“Consequently, patient care becomes more pro-active and responsive, leading to improved outcomes and patient safety.”
But being progressive means moving towards a stronger and better solution for all, which is why it is also important to assess the situation at face value.
Low said: “This means addressing key communication and security issues.
“Despite the in-built benefits of email, there are concerns regarding safety and security, given the sensitive information held within hospitals and other healthcare services.
Arguably, IT leaders are in a prime position to put the right processes and support in place – so they must consider what tools they can access to make that happen
“According to our research, 64% of IT leaders in healthcare have experienced security threats in the last two years and out of the threats faced, they’re most concerned about phishing (53%), cloud computing vulnerabilities (51%), and ransomware (49%).
“And this has been proven to be a legitimate concern. For example, Barts Health NHS Trust was recently subjected to a ransomware attack, with more than 7TB of data obtained by a gang known as BlackCat.”
However, data breaches can happen for more-benign reasons where mistakes are made unintentionally.
In the last two years, 30% of respondents to the Zivver research have sent the wrong attachment in error, 27% have hit reply all by mistake, and 20% have sent sensitive information via email that they probably shouldn’t have.
Concerningly, only 23% say they worry about data security and that they might send something they shouldn’t. This leaves 77% apparently unaware of the risks.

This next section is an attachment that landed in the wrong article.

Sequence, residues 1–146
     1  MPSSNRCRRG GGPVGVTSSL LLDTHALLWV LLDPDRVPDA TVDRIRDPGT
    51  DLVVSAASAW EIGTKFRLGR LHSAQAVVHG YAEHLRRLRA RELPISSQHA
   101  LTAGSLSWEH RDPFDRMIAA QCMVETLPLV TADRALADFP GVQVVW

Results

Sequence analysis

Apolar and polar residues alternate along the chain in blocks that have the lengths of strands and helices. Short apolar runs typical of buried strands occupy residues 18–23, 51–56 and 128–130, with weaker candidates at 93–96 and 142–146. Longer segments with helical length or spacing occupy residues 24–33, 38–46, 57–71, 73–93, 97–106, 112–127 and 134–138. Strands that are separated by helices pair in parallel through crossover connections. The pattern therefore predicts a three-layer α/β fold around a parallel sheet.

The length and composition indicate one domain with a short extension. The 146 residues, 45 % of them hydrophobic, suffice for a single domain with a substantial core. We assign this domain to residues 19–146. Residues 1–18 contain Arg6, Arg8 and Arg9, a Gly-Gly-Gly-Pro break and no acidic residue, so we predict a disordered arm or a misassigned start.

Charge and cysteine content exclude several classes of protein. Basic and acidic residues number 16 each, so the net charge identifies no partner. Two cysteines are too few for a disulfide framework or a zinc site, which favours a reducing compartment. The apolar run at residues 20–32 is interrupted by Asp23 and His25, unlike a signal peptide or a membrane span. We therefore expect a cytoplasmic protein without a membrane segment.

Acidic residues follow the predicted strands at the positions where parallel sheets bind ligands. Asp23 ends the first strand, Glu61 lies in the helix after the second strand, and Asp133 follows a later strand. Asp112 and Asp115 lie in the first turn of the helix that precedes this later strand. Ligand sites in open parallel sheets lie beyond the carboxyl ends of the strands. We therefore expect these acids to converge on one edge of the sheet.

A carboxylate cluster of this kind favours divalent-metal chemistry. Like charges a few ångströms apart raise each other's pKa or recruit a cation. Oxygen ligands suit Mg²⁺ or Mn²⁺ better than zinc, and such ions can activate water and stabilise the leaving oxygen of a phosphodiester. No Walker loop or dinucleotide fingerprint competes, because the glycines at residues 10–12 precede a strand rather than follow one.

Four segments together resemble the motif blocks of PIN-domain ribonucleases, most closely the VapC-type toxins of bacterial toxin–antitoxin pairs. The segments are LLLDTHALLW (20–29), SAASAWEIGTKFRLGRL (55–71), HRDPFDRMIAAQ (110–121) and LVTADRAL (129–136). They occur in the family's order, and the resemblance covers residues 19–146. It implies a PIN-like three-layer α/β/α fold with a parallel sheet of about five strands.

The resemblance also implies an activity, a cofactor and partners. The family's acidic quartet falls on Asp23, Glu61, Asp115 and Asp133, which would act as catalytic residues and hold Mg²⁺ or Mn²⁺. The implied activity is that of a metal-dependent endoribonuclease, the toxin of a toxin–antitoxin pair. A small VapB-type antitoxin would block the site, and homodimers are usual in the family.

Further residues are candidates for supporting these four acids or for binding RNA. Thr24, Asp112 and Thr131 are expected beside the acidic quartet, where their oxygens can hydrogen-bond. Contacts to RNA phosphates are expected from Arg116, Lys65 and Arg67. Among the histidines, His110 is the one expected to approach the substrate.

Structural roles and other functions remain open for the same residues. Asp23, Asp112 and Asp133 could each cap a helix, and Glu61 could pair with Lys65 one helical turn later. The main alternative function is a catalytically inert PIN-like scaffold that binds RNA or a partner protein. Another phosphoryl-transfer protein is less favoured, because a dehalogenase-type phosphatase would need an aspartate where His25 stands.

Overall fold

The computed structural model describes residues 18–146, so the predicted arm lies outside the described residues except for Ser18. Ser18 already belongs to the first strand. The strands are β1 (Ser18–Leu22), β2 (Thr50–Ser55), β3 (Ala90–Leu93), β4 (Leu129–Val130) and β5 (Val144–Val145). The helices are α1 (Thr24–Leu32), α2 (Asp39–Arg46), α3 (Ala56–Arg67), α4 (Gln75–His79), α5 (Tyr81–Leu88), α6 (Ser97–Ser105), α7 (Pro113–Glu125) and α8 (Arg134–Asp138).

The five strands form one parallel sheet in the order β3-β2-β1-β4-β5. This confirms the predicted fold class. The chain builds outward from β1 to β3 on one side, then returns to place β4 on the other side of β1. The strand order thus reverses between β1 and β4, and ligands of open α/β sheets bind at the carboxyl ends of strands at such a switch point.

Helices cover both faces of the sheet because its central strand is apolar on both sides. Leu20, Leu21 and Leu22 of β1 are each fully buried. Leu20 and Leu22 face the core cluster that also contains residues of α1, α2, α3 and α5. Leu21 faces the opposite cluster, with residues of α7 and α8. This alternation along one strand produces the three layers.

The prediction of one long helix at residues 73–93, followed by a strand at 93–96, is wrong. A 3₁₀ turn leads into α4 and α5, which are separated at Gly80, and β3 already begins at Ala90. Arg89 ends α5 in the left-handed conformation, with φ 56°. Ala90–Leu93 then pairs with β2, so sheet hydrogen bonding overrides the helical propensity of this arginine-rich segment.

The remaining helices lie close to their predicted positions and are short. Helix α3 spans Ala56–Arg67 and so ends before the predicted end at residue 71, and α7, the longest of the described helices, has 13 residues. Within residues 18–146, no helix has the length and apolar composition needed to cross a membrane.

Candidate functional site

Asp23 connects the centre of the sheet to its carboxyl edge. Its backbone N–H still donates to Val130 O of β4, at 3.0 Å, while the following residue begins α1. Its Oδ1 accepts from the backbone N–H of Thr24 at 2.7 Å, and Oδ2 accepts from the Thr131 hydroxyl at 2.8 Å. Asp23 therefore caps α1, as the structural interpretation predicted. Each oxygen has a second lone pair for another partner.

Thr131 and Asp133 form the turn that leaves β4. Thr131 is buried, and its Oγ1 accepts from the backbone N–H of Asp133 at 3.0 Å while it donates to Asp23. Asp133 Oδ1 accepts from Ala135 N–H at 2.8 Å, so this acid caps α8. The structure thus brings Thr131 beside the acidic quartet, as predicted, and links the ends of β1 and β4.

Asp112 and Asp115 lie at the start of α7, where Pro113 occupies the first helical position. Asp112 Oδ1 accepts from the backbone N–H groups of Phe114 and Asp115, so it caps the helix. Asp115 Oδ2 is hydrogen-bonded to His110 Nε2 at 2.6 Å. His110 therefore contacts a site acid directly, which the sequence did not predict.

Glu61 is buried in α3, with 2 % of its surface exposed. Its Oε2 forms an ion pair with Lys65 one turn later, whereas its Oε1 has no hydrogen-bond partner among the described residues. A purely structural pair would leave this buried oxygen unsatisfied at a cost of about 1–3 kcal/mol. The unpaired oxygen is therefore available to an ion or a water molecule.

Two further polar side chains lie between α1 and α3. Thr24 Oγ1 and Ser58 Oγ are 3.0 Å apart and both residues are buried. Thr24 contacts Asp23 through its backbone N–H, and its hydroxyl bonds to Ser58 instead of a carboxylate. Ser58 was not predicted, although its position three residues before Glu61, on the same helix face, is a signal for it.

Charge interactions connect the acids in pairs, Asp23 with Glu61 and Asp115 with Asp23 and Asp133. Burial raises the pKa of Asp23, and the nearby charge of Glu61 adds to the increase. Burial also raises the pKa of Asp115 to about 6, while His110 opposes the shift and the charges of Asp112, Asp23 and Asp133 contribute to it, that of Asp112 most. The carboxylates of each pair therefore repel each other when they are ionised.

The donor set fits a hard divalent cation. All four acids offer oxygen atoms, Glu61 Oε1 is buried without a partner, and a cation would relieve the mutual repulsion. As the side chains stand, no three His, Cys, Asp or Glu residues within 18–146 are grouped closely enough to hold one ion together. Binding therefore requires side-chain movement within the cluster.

On the other hand, it’s clear that IT leaders are very much aware of the risks.
Equally, they know that security measures can hamper staff productivity.
But do they know what to do about it?
Low advises: “One strategy is to think as much about outbound security failures as external threats.
“Arguably, IT leaders are in a prime position to put the right processes and support in place – so they must consider what tools they can access to make that happen.”
Prioritising patient care
Armed with the right tech solution, IT leaders can help staff send sensitive information securely over email.
“Rather than burdening staff with more security protocols and unnecessary comms channels, smart technology solutions layered on top of email serve as a simple-yet-highly-effective way to overcome security barriers and support healthcare workers in delivering the best patient care.
“And the best thing is all healthcare providers across an ICS are already using email.
Rather than burdening staff with more security protocols and unnecessary comms channels, smart technology solutions layered on top of email serve as a simple-yet-highly-effective way to overcome security barriers and support healthcare workers in delivering the best patient care
“By implementing a solution to enhance email, no extra training is required. Instead, it’s all systems go.”
While the NHS is working towards greater communications functionality through the NHS App, this will take time.
“It’s important for ICSs to recognise there is a way right now to provide secure and efficient communications, and email is a trusted and proven tool,” said Low.
“Armed with the right security layer, the NHS and patients can share sensitive information with confidence, in an effortless and user-friendly way.
“This switches the responsibility away from people, and instead onto the supporting tech.
“It also has the added benefit of keeping IT leaders assured. Not only by ensuring staff stay compliant, but also by eliminating the extra hassle around having to maintain and manage complex software.
“But, most of all, it allows healthcare staff to focus on their core role, and to keep patient care at the centre of everything they do.”